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NERC Case Notes: Reliability Standard CIP-007-6

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Unidentified Registered Entity 2 (SERC_URE2), FERC Docket No. NP18-25-000 (August 30, 2018)

NERC Violation ID: SERC2017017669

Reliability Standard: CIP-007-6

Requirement: R2, P2.2

Violation Risk Factor: Medium

Violation Severity Level: Severe

Region: SERC Reliability Corporation (SERC)

Issue: SERC_URE2 failed to assess three security patches for applicability within 35 days of availability. SERC_URE2 submitted a Self-Report stating that the violation stemmed from not assessing the security patches until two days past the 35-day window. The patch was sourced from SERC_URE2’s parent company, and subsequently the parent company staff discovered the violation during a business operations staff meeting and found that it had not conducted the patch assessments due to an oversight of responsibilities. The three security patches were applicable to production AD domain controllers classified as Electronic Access Control and/or Monitoring Systems (EACMSs) associated with eight High Impact BES Cyber Systems. SERC_URE2 identified the root causes of the violation as a lack of controls and human performance issues, specifically referring to the parent company failing to integrate alerts or reminders in its monitoring processes. SERC_URE2 also cited a year-end workload compounded by unplanned employee absences as an explanation for the oversight.

Finding: SERC found the violation constituted a minimal risk and did not pose a serious or substantial risk to the reliability of the bulk power system (BPS). By its failure to assess security patches, SERC_URE2 could have permitted known vulnerabilities to remain available for exploit, giving bad actors additional time to exploit and potentially degrade local operations or impact the BPS. However, the EACMSs at issue resided within secured Physical Security Perimeters with access controls and real-time monitoring and alerting for anomalous activity. This violation involved only three security patches affecting a small number of SERC_URE2 specific EACMs. Although the three security patches were assessed two days late (at 37 days instead of 35 days), the patches were applied within 44 days of release. The duration of the violation started when SERC_URE2 exceeded the 35-day window to assess released security patches and ended when it assessed the missed patches. SERC considered SERC_URE2’s internal compliance program as a mitigating factor but found SERC_URE2 and its affiliate’s compliance history to be an aggravating factor in the penalty determination. To mitigate the violation, SERC_URE2, among other steps, evaluated missed security patches for applicability, addressed human performance, and implemented additional controls and training to support the assessment processes.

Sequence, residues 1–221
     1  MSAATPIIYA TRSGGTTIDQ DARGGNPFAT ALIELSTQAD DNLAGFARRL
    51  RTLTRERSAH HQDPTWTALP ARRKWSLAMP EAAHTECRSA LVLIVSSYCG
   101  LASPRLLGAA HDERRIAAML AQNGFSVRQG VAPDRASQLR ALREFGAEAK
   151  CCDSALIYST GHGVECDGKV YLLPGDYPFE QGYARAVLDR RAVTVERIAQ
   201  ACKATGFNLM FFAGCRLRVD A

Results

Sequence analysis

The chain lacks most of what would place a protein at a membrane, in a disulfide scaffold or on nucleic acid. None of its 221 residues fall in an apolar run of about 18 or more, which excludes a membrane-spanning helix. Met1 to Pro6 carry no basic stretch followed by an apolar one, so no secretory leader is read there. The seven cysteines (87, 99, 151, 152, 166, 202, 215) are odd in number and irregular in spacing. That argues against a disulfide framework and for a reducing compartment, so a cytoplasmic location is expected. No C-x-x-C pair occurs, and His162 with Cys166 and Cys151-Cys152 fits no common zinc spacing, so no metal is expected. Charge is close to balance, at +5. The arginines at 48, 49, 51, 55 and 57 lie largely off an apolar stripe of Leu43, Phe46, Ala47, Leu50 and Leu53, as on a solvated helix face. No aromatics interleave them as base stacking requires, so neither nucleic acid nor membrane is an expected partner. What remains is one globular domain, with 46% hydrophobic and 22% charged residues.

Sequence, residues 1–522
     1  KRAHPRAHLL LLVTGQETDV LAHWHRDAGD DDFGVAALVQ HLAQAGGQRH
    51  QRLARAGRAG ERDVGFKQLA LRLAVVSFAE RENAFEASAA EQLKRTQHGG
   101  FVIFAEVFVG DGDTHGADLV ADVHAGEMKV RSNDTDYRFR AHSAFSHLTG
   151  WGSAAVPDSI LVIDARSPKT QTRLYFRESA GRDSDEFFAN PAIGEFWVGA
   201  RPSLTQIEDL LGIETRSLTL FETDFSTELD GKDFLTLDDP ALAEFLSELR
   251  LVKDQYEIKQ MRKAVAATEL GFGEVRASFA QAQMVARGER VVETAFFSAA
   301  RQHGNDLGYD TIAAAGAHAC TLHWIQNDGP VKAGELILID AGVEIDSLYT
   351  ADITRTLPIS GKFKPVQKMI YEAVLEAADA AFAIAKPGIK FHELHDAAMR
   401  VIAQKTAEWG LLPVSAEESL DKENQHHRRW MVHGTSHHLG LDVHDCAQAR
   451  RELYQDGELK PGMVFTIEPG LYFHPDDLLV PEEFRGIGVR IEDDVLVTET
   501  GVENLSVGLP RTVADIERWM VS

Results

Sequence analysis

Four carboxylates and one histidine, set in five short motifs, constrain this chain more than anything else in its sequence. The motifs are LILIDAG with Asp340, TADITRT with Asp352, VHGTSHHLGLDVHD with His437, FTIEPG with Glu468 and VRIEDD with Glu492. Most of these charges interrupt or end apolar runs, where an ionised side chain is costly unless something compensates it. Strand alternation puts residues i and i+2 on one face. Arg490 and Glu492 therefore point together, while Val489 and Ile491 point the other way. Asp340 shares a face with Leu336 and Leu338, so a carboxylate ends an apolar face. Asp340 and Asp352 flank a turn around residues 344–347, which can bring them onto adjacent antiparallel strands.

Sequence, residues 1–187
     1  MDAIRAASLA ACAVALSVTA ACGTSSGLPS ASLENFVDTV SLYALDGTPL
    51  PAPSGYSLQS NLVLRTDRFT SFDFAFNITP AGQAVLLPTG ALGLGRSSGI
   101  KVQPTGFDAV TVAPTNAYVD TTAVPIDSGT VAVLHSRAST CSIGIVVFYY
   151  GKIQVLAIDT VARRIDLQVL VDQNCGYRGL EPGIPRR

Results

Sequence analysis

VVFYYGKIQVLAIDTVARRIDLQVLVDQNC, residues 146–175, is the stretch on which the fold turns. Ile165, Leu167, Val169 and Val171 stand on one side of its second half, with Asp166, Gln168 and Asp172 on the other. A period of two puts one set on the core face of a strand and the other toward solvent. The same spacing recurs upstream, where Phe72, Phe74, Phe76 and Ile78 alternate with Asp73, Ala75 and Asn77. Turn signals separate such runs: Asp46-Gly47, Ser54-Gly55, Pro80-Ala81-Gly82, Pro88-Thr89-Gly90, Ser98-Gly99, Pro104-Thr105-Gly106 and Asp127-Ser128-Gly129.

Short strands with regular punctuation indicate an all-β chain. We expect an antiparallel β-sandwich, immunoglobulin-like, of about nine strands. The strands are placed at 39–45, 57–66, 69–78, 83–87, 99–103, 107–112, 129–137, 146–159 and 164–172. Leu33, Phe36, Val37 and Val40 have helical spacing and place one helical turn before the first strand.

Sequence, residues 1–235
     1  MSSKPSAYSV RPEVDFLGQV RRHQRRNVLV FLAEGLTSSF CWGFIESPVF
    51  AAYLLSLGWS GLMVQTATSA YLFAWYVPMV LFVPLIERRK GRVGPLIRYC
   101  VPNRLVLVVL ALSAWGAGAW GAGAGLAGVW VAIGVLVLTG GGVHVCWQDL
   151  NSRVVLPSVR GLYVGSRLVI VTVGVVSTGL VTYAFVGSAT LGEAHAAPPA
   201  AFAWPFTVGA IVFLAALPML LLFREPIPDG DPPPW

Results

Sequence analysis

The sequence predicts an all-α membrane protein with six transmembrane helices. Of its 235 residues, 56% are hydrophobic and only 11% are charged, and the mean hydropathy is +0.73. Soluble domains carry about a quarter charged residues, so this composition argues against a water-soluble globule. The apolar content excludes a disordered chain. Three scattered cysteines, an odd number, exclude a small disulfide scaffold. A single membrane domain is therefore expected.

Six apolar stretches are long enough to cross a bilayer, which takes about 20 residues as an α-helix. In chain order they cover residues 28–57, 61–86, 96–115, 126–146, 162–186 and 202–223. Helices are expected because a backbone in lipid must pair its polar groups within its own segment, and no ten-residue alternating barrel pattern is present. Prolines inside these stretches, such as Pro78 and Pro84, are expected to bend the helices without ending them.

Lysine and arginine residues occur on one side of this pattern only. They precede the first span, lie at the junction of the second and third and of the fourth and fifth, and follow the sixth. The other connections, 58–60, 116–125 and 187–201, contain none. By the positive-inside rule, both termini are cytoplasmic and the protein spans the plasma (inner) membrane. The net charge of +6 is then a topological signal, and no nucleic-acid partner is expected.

Penalty: $220,000

FERC Order: Issued August 30, 2018 (no further review)

Unidentified Registered Entity 1 (NPCC_URE1), FERC Docket No. NP20-3-000 (October 31, 2019)

NERC Violation ID: NPCC2018019847

Reliability Standard: CIP-007-6

Requirement: R2

Violation Risk Factor: Medium

Violation Severity Level: Severe

Region: Northeast Power Coordinating Council, Inc. (NPCC)